Race broadcasters need to embrace technology; bettor battles Japan tax man

japan-tax-asian-racing-conferenceAttendees at the 35th Asian Racing Conference (ARC) in Hong Kong have been told that horseracing needs to adapt some of the broadcast techniques that have made sports – and sports betting – so popular with viewers. Jorg Heise, managing director of German-based Riedel Communications, said the goal was to use technology to enhance racing broadcasts so that “the viewer becomes immersed rather than simply watching.”

Heise’s comments came one day after Hong Kong Jockey Club (HKJC) boss Winfried Engelbrecht-Bresges warned that global sports betting turnover was set to eclipse race betting this year. Heise said technology’s capacity to engage viewers offered a possible solution to racing’s decline in that “the commercial logic of live coverage is that attraction and emotion can generate transaction.”

Heise said the goal is to use technology to “create brand new perspectives.” Riedel is incorporating an HD helmet-cam for the HKJC’s broadcast coverage and Fox Sports Australia’s head of programming Gary Burns suggested that the 360° camera shot that football and rugby fans have come to enjoy could also be applied to racing coverage. Burns also noted that sports broadcasters had been putting live microphones on athletes for years and suggested there was nothing preventing race broadcasters from attaching microphones to jockeys.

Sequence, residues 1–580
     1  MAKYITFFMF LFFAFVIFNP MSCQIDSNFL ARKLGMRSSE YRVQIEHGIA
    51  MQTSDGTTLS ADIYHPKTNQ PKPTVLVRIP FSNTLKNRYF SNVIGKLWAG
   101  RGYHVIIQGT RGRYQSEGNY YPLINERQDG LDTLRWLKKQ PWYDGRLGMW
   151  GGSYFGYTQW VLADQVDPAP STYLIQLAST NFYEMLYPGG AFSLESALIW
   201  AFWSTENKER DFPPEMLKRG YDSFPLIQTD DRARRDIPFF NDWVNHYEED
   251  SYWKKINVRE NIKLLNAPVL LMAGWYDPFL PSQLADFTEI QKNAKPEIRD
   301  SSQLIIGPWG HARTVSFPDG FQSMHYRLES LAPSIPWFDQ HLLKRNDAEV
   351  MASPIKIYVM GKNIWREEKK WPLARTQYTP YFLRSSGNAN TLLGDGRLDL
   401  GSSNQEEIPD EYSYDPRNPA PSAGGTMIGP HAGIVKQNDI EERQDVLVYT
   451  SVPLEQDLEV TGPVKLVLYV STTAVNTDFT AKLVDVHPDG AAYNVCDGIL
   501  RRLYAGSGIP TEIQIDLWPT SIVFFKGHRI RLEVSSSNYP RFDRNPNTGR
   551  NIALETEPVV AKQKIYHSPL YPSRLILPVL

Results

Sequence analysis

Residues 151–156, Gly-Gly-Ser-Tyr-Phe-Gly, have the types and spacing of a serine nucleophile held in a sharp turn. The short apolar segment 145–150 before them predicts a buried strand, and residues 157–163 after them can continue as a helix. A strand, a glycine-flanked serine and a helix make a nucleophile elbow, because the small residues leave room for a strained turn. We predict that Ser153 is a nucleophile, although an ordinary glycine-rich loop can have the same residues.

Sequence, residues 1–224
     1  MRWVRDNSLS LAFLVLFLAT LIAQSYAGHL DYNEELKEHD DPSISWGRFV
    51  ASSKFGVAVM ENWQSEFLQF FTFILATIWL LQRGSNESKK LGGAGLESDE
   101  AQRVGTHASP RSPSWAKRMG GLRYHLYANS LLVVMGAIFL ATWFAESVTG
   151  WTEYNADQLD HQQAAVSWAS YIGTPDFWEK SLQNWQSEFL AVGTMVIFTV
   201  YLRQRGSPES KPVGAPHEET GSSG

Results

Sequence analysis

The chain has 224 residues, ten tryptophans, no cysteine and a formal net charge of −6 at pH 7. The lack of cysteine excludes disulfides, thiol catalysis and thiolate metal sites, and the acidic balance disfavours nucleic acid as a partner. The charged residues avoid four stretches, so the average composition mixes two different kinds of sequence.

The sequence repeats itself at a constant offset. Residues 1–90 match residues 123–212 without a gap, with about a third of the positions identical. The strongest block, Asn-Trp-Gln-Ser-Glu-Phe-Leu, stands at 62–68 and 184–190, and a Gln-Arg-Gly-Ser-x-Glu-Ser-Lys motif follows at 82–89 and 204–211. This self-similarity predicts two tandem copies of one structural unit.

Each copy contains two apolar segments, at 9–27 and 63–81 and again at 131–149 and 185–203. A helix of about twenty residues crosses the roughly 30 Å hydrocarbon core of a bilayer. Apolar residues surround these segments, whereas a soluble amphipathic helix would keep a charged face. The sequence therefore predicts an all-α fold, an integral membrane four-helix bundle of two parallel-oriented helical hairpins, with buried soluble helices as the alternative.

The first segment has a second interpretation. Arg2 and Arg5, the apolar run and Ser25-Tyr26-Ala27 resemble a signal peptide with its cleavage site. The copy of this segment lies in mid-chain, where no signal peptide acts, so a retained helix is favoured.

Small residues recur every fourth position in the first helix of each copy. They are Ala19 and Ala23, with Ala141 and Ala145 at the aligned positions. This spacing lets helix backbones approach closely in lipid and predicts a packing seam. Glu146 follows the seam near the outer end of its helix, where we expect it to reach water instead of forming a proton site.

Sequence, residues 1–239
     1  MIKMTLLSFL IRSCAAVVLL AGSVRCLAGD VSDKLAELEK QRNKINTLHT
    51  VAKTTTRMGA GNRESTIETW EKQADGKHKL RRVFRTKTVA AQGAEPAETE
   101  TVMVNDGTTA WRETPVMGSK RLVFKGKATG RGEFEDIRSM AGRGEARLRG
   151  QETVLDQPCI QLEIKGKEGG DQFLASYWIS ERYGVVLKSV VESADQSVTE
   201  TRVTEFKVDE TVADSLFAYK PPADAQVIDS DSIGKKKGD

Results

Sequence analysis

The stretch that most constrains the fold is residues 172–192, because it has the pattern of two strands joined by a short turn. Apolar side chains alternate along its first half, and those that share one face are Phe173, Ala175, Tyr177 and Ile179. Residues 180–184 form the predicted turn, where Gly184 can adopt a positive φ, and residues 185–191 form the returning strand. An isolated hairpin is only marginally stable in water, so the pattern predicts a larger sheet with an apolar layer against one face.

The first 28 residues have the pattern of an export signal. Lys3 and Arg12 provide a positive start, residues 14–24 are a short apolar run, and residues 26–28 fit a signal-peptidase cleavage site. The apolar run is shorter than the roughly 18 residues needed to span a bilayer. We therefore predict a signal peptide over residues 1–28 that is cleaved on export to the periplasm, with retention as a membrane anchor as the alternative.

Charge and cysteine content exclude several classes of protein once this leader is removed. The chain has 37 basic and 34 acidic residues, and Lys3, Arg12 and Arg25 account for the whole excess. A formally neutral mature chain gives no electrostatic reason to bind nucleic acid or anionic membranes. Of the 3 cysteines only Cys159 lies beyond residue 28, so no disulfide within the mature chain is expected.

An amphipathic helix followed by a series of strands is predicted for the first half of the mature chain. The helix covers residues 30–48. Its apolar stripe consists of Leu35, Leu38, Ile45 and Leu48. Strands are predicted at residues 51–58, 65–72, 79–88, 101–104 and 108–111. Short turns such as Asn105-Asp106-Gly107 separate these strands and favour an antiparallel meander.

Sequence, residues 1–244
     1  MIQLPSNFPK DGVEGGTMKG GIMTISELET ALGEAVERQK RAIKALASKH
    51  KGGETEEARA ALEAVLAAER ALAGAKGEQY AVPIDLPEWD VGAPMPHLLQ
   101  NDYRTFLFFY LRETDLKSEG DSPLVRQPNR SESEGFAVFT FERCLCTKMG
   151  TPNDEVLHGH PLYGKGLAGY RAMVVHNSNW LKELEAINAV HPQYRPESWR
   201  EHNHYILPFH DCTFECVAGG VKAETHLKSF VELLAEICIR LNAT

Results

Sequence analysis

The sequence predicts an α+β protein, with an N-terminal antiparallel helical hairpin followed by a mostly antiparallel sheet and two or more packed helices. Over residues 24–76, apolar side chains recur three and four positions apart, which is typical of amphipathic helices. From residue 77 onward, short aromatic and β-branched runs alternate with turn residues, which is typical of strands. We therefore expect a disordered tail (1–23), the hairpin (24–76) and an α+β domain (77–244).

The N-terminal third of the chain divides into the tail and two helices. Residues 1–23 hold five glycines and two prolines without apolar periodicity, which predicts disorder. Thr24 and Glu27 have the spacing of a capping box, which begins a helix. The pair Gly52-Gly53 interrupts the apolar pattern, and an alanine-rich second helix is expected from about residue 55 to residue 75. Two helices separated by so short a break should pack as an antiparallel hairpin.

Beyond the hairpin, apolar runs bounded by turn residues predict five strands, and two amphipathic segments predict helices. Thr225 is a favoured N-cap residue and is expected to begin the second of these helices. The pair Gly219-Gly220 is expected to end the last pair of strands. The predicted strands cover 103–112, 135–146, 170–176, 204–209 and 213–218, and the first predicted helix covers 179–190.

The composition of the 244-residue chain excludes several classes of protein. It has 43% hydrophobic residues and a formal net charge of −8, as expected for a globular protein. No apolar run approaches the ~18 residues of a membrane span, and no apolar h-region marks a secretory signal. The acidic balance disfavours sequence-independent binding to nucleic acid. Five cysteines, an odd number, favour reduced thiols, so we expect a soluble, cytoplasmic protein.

Racing might also want to help tax authorities figure out how to categorize racing wagers. A mega-bettor in Japan is currently waging a legal fight with the taxman over the ¥7.84b (US $77m) he’d won betting online with the Japan Racing Association (JRA) between 2004 and 2010. The JRA introduced online betting in 2002 and it now accounts for 60% of total racing handle, with some 3m bettors placing wagers online in fiscal 2013.

The Asahi Shimbun reported the bettor had spent ¥7.27b on betting stubs, leaving him with a profit of ¥570m ($5.6m), which he duly declared on his tax return as ‘miscellaneous income.’ He also declared the money he’d spent on losing tickets as business expenses. Not so fast, said the Sapporo Regional Taxation Bureau, which rejected the loss claims and insisted the bettor owed ¥370m in additional tax plus another ¥200m in penalties.

The bettor has gone to Tokyo District Court to overturn the tax bureau’s decision, arguing that (a) the total tax the bureau is seeking represents more than his net winnings and (b) unless regular bettors’ losing wagers are recognized as legitimate expenses, bettors will be taxed “even when they lose money.” Without these changes, the bettor says he’ll own “billions of yen, which I can hardly pay in my entire life.” A similar case was heard last year in Osaka District Court, which ruled that losing wagers were legitimate expenses if bets were made “on a continuous basis.” That ruling is currently under appeal.